Starter: Isaiah Stewart.
Primary back-up: Jalen Duren.
Stewart is the safest bet out of all of the Pistons’ big men to start. He’s the most versatile defender on the roster, capable of protecting the post and switching onto forwards and guards, and is a strong rebounder. If his outside shooting carries over from Summer League, he becomes a true difference-maker on offense
Right now, my guess is that Duren will be the coaching staff’s preferred backup over Nerlens Noel. They’re similar players, but Duren has significantly more upside and is in the franchise’s long-term plan. Duren, 18, was a Summer League standout and showcased all of the skills that made him a lottery pick. He’s a powerful athlete and elite lob threat with good rim protection and passing instincts.
Noel is a proven defender, but also more limited offensively and has a significant injury history. My view is that Noel will be more of an emergency center who could seize a larger role if Duren isn’t quite ready for the NBA.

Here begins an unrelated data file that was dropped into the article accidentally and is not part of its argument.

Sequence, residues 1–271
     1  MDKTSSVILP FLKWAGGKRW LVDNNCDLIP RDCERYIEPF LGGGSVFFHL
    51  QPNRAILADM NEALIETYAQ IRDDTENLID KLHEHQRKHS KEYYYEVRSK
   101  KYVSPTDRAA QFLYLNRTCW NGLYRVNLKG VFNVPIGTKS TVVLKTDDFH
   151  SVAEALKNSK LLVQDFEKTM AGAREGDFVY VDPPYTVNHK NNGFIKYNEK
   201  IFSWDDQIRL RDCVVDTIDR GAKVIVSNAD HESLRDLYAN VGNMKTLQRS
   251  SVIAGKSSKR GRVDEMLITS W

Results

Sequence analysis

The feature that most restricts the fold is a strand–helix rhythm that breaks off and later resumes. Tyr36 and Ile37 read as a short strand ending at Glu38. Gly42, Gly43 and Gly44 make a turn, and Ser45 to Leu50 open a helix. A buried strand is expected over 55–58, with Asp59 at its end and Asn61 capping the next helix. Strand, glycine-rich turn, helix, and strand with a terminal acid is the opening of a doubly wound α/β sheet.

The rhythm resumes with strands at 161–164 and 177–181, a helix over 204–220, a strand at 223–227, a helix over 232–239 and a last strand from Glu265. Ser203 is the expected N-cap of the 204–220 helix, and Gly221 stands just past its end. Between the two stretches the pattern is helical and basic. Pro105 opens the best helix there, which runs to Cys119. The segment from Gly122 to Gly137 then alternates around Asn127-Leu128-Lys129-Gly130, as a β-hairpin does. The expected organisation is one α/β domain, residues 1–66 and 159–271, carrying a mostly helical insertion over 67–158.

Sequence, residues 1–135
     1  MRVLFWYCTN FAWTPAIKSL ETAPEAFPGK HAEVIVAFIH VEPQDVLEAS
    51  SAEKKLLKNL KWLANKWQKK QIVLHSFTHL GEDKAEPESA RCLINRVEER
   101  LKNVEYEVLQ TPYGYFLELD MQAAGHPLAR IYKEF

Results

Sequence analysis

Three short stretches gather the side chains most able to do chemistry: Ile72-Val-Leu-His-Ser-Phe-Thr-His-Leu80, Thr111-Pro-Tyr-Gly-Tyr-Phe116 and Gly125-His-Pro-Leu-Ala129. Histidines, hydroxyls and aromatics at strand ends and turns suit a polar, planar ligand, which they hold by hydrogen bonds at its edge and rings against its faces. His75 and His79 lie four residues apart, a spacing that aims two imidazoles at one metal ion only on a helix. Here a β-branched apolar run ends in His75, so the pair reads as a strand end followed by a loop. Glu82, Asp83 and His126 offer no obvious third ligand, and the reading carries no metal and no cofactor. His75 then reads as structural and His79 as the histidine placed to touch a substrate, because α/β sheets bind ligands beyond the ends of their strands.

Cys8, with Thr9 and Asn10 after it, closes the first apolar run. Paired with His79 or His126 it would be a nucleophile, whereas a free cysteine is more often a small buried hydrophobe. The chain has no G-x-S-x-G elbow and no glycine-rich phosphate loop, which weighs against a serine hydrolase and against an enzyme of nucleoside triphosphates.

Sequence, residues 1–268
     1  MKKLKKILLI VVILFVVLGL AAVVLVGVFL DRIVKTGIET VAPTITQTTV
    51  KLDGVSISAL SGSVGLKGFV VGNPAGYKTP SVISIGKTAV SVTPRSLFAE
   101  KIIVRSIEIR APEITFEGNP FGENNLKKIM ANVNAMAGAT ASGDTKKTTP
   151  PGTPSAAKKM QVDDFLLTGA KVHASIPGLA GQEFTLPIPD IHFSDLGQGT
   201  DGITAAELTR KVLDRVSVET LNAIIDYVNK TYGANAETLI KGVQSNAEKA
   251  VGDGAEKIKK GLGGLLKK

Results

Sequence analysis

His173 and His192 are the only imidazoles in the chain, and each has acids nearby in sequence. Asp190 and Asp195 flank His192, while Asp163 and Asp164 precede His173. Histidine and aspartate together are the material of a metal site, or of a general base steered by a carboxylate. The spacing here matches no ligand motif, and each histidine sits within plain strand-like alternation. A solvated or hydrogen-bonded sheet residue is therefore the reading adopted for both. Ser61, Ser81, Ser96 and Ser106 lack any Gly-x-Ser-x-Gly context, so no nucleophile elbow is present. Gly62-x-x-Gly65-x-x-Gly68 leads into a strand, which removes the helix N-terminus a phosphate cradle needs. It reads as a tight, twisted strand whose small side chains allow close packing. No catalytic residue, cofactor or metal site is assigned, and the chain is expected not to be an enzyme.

Hamidou Diallo: The 23-year-old wing was a key rotation piece for the Pistons last season, filling a role as a rebounder and energy provider. With Ivey now providing many of Diallo’s strengths and Livers being a more reliable shooter and defender, it isn’t clear how many minutes will be available for Diallo to grab. Diallo could force his way into the rotation by improving his defense and his career 27.7% 3-point clip.
Cory Joseph: The veteran point guard started 39 games and shot a career-high 41.1% clip from 3 last season. He has a close relationship with Casey and has served a valuable role as a mentor for Detroit’s young guards. But the Pistons have now used top-seven picks on three players who are best with the ball in their hands, and Ivey will receive significant minutes as the fifth overall pick. It leaves fewer minutes available for Joseph, and it’ll be interesting to see how significant a role Casey is able to carve out for him.
Contact Omari Sankofa II at firstname.lastname@example.org. Follow him on Twitter @omarisankofa.